When restoring a historic home, some people start with windows- I urge all historic home owners to try to get the original floor plans of their home in order to study the proportion of the openings, to see the type of windows originally installed, their vertical nature and the materials. It would not be historically appropriate to install a colonial window in a Mediterranean Revival home. One controversial topic is replacing wood windows with more modern, metal clad ones. In my opinion, replacement with a better constructed, more durable insolated window is acceptable as long as the opening remains the same, as well as the type of window and proportion of lights and muntins.
The same applies to other features and basic knowledge is crucial. For example, you should never install arched awnings over rectangular openings; never replace decorative ornamental metals with different materials like concrete balustrades, always repair decorative and structural columns with the same or similar order; exterior and interior plaster should be matched to look like original. There are numerous details that should not be overlooked and minor details is what makes the final product.
Here are some sketches I did of historic Miami Shores homes.
After reading this article you may be wondering, How does this apply to buying or selling real estate? The answer is simple. When planning to buy or sell a historically relevant home, you should work with a real estate agent that is not only sensitive to historic preservation issues, but someone that understands historic architecture, from materials to features to minor details. I light up when I walk into a historic home and will not only share my knowledge, but will also point out deficiencies and great features for you to know the intricacies of each home and be able to make an educated decision.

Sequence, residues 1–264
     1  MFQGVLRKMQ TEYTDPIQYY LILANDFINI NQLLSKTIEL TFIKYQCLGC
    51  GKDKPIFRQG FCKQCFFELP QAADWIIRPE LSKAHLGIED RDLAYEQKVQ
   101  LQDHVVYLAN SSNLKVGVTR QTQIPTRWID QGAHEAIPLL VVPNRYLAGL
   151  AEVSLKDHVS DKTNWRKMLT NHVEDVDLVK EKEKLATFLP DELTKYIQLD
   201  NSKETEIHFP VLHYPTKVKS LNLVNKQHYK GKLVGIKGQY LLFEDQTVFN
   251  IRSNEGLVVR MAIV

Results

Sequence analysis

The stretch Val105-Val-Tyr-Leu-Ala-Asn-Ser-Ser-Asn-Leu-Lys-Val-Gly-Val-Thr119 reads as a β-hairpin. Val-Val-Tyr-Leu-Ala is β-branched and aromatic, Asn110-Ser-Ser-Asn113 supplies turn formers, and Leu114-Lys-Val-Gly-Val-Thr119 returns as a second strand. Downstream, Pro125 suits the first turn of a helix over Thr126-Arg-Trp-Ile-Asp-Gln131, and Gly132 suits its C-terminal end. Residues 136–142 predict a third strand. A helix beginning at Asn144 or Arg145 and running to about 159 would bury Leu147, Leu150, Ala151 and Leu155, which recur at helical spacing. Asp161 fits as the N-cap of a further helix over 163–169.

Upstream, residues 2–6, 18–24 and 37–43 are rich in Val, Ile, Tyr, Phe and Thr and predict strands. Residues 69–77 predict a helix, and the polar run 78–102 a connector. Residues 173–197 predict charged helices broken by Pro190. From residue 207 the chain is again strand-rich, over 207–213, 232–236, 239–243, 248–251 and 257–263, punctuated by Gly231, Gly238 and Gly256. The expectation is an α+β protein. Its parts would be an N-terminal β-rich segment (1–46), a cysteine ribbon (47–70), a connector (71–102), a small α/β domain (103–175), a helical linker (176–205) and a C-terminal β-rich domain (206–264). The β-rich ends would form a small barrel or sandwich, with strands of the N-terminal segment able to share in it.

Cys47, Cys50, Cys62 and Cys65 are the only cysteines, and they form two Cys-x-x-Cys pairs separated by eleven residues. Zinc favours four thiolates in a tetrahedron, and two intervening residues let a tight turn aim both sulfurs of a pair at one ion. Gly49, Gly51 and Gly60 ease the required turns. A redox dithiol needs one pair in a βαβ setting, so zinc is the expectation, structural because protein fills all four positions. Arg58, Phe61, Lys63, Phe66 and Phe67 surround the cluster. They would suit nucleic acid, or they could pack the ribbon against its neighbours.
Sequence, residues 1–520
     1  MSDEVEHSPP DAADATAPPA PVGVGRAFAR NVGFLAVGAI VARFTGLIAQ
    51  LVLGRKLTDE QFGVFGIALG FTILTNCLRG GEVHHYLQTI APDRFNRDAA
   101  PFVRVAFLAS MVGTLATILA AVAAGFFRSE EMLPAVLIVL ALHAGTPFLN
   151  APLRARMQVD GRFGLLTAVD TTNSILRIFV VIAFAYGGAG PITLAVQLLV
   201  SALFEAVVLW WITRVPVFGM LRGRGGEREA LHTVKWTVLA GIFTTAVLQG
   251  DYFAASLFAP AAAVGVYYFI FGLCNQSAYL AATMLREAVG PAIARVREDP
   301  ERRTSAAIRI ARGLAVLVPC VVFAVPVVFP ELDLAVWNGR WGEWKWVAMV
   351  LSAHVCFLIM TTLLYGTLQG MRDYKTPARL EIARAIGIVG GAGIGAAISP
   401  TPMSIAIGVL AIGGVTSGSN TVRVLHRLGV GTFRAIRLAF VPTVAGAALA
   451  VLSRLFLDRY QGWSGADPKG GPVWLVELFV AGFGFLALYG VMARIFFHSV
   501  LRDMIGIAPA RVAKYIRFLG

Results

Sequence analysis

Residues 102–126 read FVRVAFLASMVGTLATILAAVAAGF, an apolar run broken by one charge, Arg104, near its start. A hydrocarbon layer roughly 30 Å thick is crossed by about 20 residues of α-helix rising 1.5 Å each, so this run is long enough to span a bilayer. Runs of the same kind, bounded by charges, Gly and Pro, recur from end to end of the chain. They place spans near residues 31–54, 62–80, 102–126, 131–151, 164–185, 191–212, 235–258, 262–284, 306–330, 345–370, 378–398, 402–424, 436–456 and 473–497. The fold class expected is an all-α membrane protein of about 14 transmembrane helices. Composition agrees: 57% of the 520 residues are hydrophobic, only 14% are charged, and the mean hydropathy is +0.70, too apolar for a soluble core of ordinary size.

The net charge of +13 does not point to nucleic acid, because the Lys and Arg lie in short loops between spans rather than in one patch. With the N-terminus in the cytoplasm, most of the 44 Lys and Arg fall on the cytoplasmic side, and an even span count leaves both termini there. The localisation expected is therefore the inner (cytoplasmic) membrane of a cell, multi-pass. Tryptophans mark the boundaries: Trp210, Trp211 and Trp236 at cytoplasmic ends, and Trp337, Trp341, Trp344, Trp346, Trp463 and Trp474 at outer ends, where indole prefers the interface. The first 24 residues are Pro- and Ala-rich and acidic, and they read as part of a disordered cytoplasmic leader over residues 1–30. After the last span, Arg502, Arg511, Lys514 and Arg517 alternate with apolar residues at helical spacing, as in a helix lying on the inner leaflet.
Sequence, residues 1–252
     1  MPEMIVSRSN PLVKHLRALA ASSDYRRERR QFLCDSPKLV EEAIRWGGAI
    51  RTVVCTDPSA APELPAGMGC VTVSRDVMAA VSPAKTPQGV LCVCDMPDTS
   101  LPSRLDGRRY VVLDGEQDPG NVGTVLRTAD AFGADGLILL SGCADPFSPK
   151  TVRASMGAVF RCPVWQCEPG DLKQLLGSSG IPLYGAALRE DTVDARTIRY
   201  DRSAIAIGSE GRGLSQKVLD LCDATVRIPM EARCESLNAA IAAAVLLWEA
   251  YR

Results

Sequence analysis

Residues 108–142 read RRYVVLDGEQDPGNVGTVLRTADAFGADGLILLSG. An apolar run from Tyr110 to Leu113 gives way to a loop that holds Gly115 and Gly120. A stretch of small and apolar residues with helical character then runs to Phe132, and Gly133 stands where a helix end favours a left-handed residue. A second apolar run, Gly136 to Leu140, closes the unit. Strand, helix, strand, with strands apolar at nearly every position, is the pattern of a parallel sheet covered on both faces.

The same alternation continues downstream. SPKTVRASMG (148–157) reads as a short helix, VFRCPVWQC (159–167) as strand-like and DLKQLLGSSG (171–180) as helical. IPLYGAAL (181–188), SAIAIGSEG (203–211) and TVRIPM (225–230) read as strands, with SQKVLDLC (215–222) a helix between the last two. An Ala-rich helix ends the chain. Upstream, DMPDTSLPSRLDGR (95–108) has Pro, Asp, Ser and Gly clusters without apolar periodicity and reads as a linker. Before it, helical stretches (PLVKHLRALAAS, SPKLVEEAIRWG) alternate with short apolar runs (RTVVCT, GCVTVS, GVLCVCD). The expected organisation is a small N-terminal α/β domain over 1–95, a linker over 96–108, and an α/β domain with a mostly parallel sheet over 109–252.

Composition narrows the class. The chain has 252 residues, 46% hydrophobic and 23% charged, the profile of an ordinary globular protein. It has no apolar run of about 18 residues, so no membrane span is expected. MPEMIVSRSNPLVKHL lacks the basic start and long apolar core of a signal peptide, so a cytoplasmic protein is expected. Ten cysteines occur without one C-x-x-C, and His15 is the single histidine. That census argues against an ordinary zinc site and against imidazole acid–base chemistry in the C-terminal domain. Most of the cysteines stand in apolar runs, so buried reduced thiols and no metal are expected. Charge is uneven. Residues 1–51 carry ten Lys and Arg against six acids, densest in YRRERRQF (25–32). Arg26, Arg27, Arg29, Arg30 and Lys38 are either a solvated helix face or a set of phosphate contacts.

**Leer artículo en Español**
**originally published in March 2008**
The Miamism Sales Team wishes you and your family a Happy Hanukkah!
Is it [ma-ee-mo] or [meeh-mo] ?? It’s a question I get ALL THE TIME!! To think I wrote this article back in 2007 and how incredibly hot the MiMO District has gotten, especially with the latest opening and amazing restoration of the Vagabond Motel by developer Avra Jain…now a boutique hotel with restaurant in the works. This is our hood and we can help you buy or sell properties in the area, from land to multi-family (although inventory is scarce).
The South Florida Chapter for DoCoMoMo was supposed to launch when I wrote this but don’t know if it ever came into fruition. There is a Florida Chapter and there is strong historic preservation evident in the area. The truth is that there is a need for land and more and more of our historic buildings are in danger with a number of them being demolished to make room for new construction.
It’s a hot and controversial topic in Miami – preserving our architecture versus giving property owners free will to do as they wish.
Miami is HOT, SEXY and FASHIONABLE! But who would think that even words become part of our trendy vocabulary?
When you read real estate descriptions you get these words all over the place – “chic” “contemporary” “mid-century modern” “SoBe” “SoFi” ” MiMO”
And then you hear someone mispronounce one of the trendy words – instead of “meemo”, they say “mah-eh-mo” – it cracks me up!